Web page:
While not as rare as an albino lobster, blue lobsters are still a famously elusive catch: It's said that the odds of their occurrence are an estimated one in two million, although nobody knows the exact numbers.

Instead of eating the blue lobster, Ward decided to donate it to the Seacoast Science Center in Rye. There, it will be studied and displayed in a lobster tank with other unusually colored critters, including a second blue lobster, a bright orange lobster, and a calico-spotted lobster.

[h/t The Telegraph]

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Courtesy Murdoch University
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Animals
Australian Scientists Discover First New Species of Sunfish in 125 Years
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Courtesy Murdoch University

Scientists have pinpointed a whole new species of the largest bony fish in the world, the massive sunfish, as we learned from Smithsonian magazine. It's the first new species of sunfish proposed in more than 125 years.

As the researchers report in the Zoological Journal of the Linnean Society, the genetic differences between the newly named hoodwinker sunfish (Mola tecta) and its other sunfish brethren was confirmed by data on 27 different samples of the species collected over the course of three years. Since sunfish are so massive—the biggest can weigh as much as 5000 pounds—they pose a challenge to preserve and store, even for museums with large research collections. Lead author Marianne Nyegaard of Murdoch University in Australia traveled thousands of miles to find and collected genetic data on sunfish stranded on beaches. At one point, she was asked if she would be bringing her own crane to collect one.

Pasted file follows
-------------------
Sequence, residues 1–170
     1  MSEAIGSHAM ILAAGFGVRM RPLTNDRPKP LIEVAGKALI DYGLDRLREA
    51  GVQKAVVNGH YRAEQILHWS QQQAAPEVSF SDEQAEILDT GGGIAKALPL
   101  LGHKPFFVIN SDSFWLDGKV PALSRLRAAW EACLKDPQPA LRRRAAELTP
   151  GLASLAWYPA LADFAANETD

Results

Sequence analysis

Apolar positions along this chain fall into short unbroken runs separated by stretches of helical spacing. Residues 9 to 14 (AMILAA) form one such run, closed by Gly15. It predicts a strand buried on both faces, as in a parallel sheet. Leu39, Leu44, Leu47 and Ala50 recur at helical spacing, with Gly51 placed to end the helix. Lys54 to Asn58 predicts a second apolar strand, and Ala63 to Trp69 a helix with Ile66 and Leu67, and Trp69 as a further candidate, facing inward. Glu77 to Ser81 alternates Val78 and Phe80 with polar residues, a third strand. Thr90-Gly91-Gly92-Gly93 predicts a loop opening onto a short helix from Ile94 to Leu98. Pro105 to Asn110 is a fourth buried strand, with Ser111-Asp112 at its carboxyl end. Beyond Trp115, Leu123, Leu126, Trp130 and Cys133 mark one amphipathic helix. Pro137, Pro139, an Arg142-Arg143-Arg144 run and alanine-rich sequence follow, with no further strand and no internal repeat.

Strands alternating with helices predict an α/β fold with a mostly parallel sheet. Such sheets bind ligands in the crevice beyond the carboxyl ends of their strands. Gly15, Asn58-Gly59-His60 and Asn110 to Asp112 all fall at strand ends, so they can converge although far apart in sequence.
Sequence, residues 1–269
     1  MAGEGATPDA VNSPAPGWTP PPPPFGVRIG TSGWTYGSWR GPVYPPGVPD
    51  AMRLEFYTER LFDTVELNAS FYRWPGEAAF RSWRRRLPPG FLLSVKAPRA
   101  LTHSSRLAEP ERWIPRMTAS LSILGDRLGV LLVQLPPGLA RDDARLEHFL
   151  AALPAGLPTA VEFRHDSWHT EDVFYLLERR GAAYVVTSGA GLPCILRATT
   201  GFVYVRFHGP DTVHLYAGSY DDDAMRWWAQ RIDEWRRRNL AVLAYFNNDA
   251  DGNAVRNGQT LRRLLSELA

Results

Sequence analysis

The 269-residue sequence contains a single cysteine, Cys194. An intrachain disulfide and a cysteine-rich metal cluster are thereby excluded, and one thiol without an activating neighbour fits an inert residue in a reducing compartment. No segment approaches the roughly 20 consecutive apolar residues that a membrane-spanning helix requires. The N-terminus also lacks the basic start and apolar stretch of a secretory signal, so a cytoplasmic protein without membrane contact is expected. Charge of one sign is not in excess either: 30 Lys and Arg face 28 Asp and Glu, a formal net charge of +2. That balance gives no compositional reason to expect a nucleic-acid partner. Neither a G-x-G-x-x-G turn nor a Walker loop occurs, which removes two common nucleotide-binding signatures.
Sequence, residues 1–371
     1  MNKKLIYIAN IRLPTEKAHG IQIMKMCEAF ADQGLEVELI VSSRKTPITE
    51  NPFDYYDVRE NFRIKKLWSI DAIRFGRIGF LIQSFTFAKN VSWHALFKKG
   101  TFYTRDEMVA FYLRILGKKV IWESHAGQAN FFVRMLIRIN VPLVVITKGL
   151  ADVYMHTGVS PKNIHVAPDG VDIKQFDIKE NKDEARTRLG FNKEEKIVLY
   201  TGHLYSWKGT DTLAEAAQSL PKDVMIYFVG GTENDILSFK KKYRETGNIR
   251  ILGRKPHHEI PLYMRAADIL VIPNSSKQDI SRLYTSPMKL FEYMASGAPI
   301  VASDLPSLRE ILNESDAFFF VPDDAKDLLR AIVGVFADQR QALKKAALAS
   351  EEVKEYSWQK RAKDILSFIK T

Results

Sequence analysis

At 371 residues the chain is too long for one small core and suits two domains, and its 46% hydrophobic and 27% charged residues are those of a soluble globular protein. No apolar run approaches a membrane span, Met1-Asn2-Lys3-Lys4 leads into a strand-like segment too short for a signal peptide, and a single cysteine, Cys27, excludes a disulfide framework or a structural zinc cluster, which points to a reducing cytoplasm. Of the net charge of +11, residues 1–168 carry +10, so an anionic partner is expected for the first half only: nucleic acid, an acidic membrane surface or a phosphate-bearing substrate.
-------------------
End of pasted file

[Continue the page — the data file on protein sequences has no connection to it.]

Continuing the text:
Nyegaard also went back through scientific literature dating back to the 1500s, sorting through descriptions of sea monsters and mermen to see if any of the documentation sounded like observations of the hoodwinker. "We retraced the steps of early naturalists and taxonomists to understand how such a large fish could have evaded discovery all this time," she said in a press statement. "Overall, we felt science had been repeatedly tricked by this cheeky species, which is why we named it the 'hoodwinker.'"

Japanese researchers first detected genetic differences between previously known sunfish and a new, unknown species 10 years ago, and this confirms the existence of a whole different type from species like the Mola mola or Mola ramsayi.

Mola tecta looks a little different from other sunfish, with a more slender body. As it grows, it doesn't develop the protruding snout or bumps that other sunfish exhibit. Similarly to the others, though, it can reach a length of 8 feet or more. 

Based on the stomach contents of some of the specimens studied, the hoodwinker likely feeds on salps, a jellyfish-like creature that it probably chomps on (yes, sunfish have teeth) during deep dives. The species has been found near New Zealand, Australia, South Africa, and southern Chile.

[h/t Smithsonian]